market, a wave of neo-liberalism and muted income redistributive policies, the „super-rich‟ have swelled their numbers as never before (Haseler, 1999; Irvin, 2008; Lundberg, 1988; Smith, 2001; Thorndike, 1980; Wolff, 1996). Publications like the Forbes Rich and Billionnaire Lists, and The Sunday Times Rich List, and a global PR machine which exposes the lifestyles of „celebrity‟ millionaires, have made transparent the once secretive worlds of the rich. Importantly, the „super-rich‟ are now an identifiable market in their own right. Those wealthy individuals with investable assets greater than US$1 million are now labelled as „high net worth individuals‟ and these totalled 10 million in 2009, with accumulated wealth approximating US$39.0 trillion (Merrill Lynch CapGemini, 2009). Given the global market value of this segment of the population, servicing the billionaire, multi-millionaire and „meagre‟ millionaire has become a multi-billion US$ industry.
Just as world cities are the „basing points‟ for international capital (Friedmann, 1986), they are the places where the „super-rich‟ connect with a bespoke, exclusive and privileged circuit of economic relations in the form of private banking and wealth management. Indeed, the current success of London, Paris and Amsterdam, and various „offshore‟ centres (like Luxembourg and the Channel Islands), are founded on the establishment of private banks from the Seventeenth and Eighteenth century onwards (Cassis and Cottrell, 2009). The rest of this paper will be organised in four main sections. The first section of the paper will conceptualise the identifiable traits of the super-rich. Section two defines, quantifies and locates the „super-rich‟ in global society, drawing on the new financial discourse of the high net worth market. Section three introduces one of the major privileged world city economies which service‟s the requirements of the super-rich: private banking and wealth management. Finally, several conclusions are reported, which muses about the super-rich being the super-class in global society.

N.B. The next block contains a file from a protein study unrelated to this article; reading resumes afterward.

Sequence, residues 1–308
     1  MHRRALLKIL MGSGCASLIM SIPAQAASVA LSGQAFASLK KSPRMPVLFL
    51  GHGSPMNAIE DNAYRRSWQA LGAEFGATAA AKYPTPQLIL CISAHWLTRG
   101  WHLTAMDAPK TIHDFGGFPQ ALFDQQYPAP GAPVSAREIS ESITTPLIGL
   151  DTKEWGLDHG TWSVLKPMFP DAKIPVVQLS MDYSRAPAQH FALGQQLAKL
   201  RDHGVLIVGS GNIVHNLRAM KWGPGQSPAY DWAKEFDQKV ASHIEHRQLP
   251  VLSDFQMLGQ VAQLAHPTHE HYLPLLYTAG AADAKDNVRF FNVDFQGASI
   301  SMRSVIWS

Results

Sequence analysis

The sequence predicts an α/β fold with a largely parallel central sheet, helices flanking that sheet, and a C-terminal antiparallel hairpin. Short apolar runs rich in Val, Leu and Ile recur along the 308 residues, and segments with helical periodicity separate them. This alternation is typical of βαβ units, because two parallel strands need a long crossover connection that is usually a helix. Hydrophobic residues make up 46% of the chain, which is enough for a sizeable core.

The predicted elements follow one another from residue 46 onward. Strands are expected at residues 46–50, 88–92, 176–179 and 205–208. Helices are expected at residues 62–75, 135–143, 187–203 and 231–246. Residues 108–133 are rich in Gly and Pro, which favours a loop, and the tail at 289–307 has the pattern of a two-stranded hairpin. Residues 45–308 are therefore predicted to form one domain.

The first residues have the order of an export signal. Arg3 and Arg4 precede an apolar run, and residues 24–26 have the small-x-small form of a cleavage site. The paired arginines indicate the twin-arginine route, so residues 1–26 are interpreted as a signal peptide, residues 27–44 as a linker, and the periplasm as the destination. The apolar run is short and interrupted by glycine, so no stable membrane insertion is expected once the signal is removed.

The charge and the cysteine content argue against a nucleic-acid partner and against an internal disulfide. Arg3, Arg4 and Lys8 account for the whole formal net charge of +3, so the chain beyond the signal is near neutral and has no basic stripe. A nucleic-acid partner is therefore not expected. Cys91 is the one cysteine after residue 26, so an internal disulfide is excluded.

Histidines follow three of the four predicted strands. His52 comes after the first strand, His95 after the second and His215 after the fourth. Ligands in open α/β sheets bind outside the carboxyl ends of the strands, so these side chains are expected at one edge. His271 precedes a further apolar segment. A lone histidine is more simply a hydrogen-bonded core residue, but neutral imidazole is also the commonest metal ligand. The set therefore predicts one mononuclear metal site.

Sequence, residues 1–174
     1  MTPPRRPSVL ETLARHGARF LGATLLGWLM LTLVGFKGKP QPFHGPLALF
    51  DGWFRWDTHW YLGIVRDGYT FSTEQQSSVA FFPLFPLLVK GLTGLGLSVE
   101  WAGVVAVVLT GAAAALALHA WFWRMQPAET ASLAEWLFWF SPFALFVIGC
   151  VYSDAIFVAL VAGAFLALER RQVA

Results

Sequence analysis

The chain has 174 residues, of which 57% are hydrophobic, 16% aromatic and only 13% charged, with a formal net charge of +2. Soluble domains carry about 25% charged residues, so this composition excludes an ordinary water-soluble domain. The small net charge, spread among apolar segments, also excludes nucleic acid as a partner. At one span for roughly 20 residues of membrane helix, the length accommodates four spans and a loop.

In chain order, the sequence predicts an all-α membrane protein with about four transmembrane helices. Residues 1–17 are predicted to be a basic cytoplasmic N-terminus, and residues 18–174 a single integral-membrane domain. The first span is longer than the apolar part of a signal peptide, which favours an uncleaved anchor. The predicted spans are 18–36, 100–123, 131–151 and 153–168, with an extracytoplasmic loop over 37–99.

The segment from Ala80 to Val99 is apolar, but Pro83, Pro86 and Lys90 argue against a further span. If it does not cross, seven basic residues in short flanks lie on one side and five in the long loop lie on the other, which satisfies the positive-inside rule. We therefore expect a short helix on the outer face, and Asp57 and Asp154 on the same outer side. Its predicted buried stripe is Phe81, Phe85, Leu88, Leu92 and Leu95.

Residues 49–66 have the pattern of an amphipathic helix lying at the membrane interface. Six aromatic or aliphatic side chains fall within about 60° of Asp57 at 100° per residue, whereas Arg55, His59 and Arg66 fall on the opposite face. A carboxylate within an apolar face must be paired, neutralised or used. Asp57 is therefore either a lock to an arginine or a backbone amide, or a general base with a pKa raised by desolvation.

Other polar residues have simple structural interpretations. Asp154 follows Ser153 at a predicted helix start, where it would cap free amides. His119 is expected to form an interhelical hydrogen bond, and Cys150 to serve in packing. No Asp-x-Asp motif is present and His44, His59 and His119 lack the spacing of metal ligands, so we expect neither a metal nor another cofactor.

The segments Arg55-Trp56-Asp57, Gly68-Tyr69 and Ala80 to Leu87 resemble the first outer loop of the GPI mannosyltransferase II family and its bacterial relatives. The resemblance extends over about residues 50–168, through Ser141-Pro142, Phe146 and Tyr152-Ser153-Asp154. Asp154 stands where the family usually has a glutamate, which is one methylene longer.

2. Conceptualising the ‘super-rich’
Historically, there has always been an interest in the wealthy segments of society. Veblen (1899) mused about the existence of a „leisure class‟ in the USA, composed of the highly successful industrialists and entrepreneurs who amassed significant fortunes from the US‟s rapid economic transformation at the end of the Nineteenth Century. Inevitably, much of this wealth was
transformed into conspicuous consumption, like holiday villas and mansions in places like the Hamptons, Long Island. After Veblen (1899), one of the first detailed genealogies of the rich was Thorndike‟s (1980) analysis of the USA‟s family dynasties of the Gilded Age, like the Astor‟s, Carnegies, Du Pont‟s, Getty‟s, Mellon‟s and Rothchild‟s, to name but a few. In both a USA and UK context, these socio-historical studies of the rich and wealthy, tended to dwell on the existence of wealth accumulated through „old‟ money (North, 2005).
Increasingly, the source of individual private wealth in the world has grown very quickly from „new‟ money associated with the advent of the „self-made‟ millionaire+, drawn from